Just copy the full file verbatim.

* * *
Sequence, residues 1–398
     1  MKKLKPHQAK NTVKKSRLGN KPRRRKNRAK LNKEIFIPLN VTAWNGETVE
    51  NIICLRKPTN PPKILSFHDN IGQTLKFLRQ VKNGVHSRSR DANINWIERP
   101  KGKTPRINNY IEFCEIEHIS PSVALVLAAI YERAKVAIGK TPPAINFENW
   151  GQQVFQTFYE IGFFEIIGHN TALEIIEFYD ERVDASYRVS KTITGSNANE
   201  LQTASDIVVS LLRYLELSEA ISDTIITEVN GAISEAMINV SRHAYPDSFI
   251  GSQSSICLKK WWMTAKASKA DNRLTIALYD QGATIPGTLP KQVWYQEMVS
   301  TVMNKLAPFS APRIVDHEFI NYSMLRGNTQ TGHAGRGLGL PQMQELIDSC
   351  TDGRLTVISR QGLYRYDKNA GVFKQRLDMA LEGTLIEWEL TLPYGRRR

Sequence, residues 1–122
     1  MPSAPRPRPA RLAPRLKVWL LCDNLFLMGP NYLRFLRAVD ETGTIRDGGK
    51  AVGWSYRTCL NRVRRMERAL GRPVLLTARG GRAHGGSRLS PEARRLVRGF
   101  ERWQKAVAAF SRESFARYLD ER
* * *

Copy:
Sequence, residues 1–398
     1  MKKLKPHQAK NTVKKSRLGN KPRRRKNRAK LNKEIFIPLN VTAWNGETVE
    51  NIICLRKPTN PPKILSFHDN IGQTLKFLRQ VKNGVHSRSR DANINWIERP
   101  KGKTPRINNY IEFCEIEHIS PSVALVLAAI YERAKVAIGK TPPAINFENW
   151  GQQVFQTFYE IGFFEIIGHN TALEIIEFYD ERVDASYRVS KTITGSNANE
   201  LQTASDIVVS LLRYLELSEA ISDTIITEVN GAISEAMINV SRHAYPDSFI
   251  GSQSSICLKK WWMTAKASKA DNRLTIALYD QGATIPGTLP KQVWYQEMVS
   301  TVMNKLAPFS APRIVDHEFI NYSMLRGNTQ TGHAGRGLGL PQMQELIDSC
   351  TDGRLTVISR QGLYRYDKNA GVFKQRLDMA LEGTLIEWEL TLPYGRRR

Sequence, residues 1–122
     1  MPSAPRPRPA RLAPRLKVWL LCDNLFLMGP NYLRFLRAVD ETGTIRDGGK
    51  AVGWSYRTCL NRVRRMERAL GRPVLLTARG GRAHGGSRLS PEARRLVRGF
   101  ERWQKAVAAF SRESFARYLD ER